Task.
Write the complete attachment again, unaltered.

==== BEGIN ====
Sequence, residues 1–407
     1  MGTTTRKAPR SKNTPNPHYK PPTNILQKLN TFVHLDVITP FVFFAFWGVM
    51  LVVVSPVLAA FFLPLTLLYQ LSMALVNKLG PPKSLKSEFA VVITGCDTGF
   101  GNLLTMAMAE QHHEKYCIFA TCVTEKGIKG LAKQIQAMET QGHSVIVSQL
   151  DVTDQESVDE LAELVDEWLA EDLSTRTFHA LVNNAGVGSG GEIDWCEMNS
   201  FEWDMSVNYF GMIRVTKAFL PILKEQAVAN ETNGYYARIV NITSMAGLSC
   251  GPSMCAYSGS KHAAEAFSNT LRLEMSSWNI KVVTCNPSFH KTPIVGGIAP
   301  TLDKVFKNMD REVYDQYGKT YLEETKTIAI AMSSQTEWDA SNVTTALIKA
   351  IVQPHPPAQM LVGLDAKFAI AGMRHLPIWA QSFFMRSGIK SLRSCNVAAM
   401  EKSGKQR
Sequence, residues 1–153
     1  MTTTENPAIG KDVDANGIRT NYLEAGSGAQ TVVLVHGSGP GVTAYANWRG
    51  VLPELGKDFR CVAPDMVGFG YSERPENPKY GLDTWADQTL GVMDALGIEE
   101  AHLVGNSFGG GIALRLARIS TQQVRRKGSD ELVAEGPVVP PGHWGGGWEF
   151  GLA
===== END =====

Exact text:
Sequence, residues 1–407
     1  MGTTTRKAPR SKNTPNPHYK PPTNILQKLN TFVHLDVITP FVFFAFWGVM
    51  LVVVSPVLAA FFLPLTLLYQ LSMALVNKLG PPKSLKSEFA VVITGCDTGF
   101  GNLLTMAMAE QHHEKYCIFA TCVTEKGIKG LAKQIQAMET QGHSVIVSQL
   151  DVTDQESVDE LAELVDEWLA EDLSTRTFHA LVNNAGVGSG GEIDWCEMNS
   201  FEWDMSVNYF GMIRVTKAFL PILKEQAVAN ETNGYYARIV NITSMAGLSC
   251  GPSMCAYSGS KHAAEAFSNT LRLEMSSWNI KVVTCNPSFH KTPIVGGIAP
   301  TLDKVFKNMD REVYDQYGKT YLEETKTIAI AMSSQTEWDA SNVTTALIKA
   351  IVQPHPPAQM LVGLDAKFAI AGMRHLPIWA QSFFMRSGIK SLRSCNVAAM
   401  EKSGKQR
Sequence, residues 1–153
     1  MTTTENPAIG KDVDANGIRT NYLEAGSGAQ TVVLVHGSGP GVTAYANWRG
    51  VLPELGKDFR CVAPDMVGFG YSERPENPKY GLDTWADQTL GVMDALGIEE
   101  AHLVGNSFGG GIALRLARIS TQQVRRKGSD ELVAEGPVVP PGHWGGGWEF
   151  GLA